How To Collect 2637 Emails In 31 Days From Scratch With Zero Budget

BY MAX LUKOMINSKYI

This article is about to tell you the way you can grow your mailing list from scratch in a relatively short period of time. The following conclusions and visions are based on my personal experience that I got while preparing and running the Slice Planner Kickstarter campaign.

While executing our pre-launch strategy, I managed to collect 2637 email addresses in 31 days.

The great thing is that I did not spend a cent to do that. No giveaways, no paid ads, no influencers’ promotions. Nothing. Just pure content marketing.

If I did, you can do it too.


When it comes to launching a new product, your homework should be done in the best way possible. The pre-launch strategy should be aimed at boosting your brand awareness and making people wait until the project is live. It is vital to tell everyone that you are about to show the world your next “brilliant idea”.

Because if no one knows you are launching something, the chances are you will fail. Fast and painfully.

No matter how great your product is. No one will buy it if no one knows it exists.

You need to create a tribe. You need to have a decent amount of people who are ready to pull their credit cards out of the pocket and make a transaction when you ask them to.

Otherwise, your project is likely to get lost among thousands of others.


Despite the great developments and new trends in digital marketing, the email addresses still remain the most profound sign of, to some extent, the close tie between a seller and a customer.

The decision to provide an email address is the sign of trust and loyalty, and interest. The customer shows his readiness to listen, watch and follow the producer. Later this email address becomes a major means of communication between the two.

Among the great variety of strategies to growing your mailing list, no doubt, the content marketing remains one of the most efficient ways to do it.

What To Do

This short guide is neither novel nor innovative. Nonetheless, it is worth repeating. Here are 5 things to bear in mind while starting to collect emails:

  1. Design your landing page. Make it informative and concise. No one has time to read your endless copies. Provide more visuals and less boring text. Do not try to fit all the details about your product or service on one page. Keep your copy short, focus on details and strive to provide the visitors with the essential information.
  2. Build a couple of sign up forms. Accompany them with clear CTA — clarify the reason why it is worth subscribing to your newsletter. Do not neglect pop-ups. Everybody hates them, but they still prove to be efficient.
  3. Have a magnet. Make a bargain. Give something in return when a visitor leaves his email address. People are more willing to connect with you when you offer something valuable for free (eBook, guide, checklist). It is rather time-consuming to create something great, but it is worth the struggle. If you do not have enough time to write an eBook, just convert your best blog post in PDF file and let it be your magnet.
  4. Find a platform that fits your objectives. This is where the trickiest part begins. All the above-mentioned rules are old and well-known. Meanwhile, we all are likely to get lost when it comes to deciding the platform where to execute our marketing strategies and build a solid mailing list.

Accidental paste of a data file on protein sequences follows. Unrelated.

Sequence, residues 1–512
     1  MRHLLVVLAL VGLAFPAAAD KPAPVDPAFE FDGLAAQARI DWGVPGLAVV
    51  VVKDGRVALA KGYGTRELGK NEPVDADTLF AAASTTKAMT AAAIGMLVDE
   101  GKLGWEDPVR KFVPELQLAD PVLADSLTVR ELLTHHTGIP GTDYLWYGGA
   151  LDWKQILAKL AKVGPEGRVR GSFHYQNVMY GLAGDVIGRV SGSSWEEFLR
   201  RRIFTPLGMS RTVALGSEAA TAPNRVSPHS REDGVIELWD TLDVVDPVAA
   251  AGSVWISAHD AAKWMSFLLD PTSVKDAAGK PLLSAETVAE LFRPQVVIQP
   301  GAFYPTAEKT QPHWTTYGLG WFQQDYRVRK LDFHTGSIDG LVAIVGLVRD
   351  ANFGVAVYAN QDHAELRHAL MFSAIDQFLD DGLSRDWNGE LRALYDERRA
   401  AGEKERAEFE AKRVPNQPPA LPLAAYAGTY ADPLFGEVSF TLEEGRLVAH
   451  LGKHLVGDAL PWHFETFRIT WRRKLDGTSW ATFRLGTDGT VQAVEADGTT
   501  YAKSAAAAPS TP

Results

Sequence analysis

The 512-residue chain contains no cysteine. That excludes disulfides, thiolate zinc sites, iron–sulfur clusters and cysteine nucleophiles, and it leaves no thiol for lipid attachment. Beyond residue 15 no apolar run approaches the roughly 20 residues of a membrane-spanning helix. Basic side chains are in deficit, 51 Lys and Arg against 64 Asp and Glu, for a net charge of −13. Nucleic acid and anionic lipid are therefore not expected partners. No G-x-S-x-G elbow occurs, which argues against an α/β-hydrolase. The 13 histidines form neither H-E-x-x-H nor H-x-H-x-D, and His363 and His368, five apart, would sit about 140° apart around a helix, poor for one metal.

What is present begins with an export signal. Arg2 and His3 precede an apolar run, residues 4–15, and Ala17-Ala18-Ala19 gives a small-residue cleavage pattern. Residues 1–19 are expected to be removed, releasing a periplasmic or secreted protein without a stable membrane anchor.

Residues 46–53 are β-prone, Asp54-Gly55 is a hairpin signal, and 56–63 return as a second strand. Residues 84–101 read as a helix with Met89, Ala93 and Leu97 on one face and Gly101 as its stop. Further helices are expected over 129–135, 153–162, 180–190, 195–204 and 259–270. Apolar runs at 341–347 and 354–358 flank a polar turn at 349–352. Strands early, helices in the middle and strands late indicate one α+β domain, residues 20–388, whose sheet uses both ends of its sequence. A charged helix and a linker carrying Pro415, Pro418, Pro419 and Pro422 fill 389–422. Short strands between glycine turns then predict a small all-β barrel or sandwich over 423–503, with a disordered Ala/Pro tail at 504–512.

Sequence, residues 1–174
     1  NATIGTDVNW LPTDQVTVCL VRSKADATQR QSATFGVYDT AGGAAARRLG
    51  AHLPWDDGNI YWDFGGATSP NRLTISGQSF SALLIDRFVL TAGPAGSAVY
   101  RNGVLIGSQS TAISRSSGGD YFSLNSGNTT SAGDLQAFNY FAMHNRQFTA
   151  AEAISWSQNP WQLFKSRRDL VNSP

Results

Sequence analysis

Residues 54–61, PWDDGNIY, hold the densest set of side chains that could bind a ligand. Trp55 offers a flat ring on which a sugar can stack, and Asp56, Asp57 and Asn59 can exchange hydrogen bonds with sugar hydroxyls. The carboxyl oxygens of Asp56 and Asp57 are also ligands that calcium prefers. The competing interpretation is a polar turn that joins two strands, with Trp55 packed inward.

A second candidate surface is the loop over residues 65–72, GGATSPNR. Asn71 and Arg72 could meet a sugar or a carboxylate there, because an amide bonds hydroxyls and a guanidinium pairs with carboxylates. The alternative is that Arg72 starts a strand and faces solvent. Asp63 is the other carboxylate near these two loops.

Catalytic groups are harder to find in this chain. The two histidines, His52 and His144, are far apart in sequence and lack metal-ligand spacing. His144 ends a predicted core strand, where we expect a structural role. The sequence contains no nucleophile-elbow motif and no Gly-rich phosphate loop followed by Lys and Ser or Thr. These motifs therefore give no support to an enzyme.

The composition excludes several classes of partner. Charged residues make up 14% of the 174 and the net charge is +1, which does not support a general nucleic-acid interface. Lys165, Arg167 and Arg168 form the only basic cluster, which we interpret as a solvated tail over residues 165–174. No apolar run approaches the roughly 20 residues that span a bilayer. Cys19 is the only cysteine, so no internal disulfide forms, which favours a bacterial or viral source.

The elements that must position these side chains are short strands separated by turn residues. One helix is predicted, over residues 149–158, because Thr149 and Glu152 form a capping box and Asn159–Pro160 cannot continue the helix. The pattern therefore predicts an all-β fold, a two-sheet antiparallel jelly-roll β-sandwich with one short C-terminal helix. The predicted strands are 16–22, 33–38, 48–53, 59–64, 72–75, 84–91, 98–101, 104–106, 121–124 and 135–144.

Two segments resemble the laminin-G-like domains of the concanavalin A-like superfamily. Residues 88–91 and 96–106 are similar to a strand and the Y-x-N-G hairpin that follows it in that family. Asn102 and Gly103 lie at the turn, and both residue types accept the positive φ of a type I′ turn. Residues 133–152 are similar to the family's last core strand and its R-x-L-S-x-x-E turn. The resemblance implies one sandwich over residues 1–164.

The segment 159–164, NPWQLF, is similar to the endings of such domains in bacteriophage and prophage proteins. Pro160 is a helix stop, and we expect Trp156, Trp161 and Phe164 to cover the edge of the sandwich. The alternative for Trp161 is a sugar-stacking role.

Let’s briefly consider each of the platforms, where you can potentially find new leads. Moreover, let’s observe the opportunities each of them provides you with, given that you have neither followers nor budget.

Medium

When it comes to deciding which platform to collect emails on with the help of content marketing, Medium seems to be a king. People are here to read, which is crucial; people are open-minded; the audience is highly engaged and indeed huge (Medium attracts over 78.40M visitors per month).

However, let’s be honest, your success on Medium is still too dependent on one’s subjective opinion. If an editor of the popular publications likes your article, your piece is likely to get a huge exposure. Otherwise, your work is to be unnoticed.

We all know that there is no sense in hitting the publish button unless no one is going to read what you’ve written. Medium is not a place where you can succeed without any of two factors. You either need a few thousands of highly engaged followers who might give your story a boost or you have to hope that the editor of your favorite publication has a great mood today.

Overall, Medium is great. However, I would not evaluate your chances and find out whether you have decent chances to succeed within

LinkedIn

LinkedIn is noisy. People rarely pay attention to what happens in their news feed. As a result, the engagement is desperately low. It is not surprising since we all know what people come for to LinkedIn.

Despite they presented Pulse to provide people with yet another platform for blogging, LinkedIn users are still there for absolutely different reasons.

Slide Share by LinkedIn is probably a better way to communicate with potential customers. However, it is a bit tricky to find a good topic and create a visually appealing presentation.

Overall, LinkedIn is great for networking, especially when it comes to finding a job. Meanwhile, it is almost useless if you are there to collect some leads for free.

Twitter

The same holds for Twitter. Every second, on average, around 6,000 tweets are tweeted on Twitter. This place has become too noisy to be heard unless you have a few dozens of hundreds of loyal followers.

Moreover, its 140-character format does not allow to tell your story well enough. Frequent and short tweets are not likely to take you far from the place you are now in a month.

Unless you are Gary Vaynerchuk or Larry Kim, your tweets will surely go unnoticed.

Overall, Twitter is great. If you want to catch up with the latest news, this is the right place to hang out. If you are aimed at spreading the word about your start-up, do not rely too heavily on this platform.

Facebook

Facebook’s attractiveness goes without saying.

Nonetheless, as for me, Facebook is only a game changer when it comes to advertising. Beyond that, your potential customers are restricted to your friends and, probably, friends of your friends.

Moreover, the key to the efficient Facebook ads is a great targeting. You can endlessly struggle to adjust the gender, geography and interest parameters, however, the laser-focused ads require custom audiences.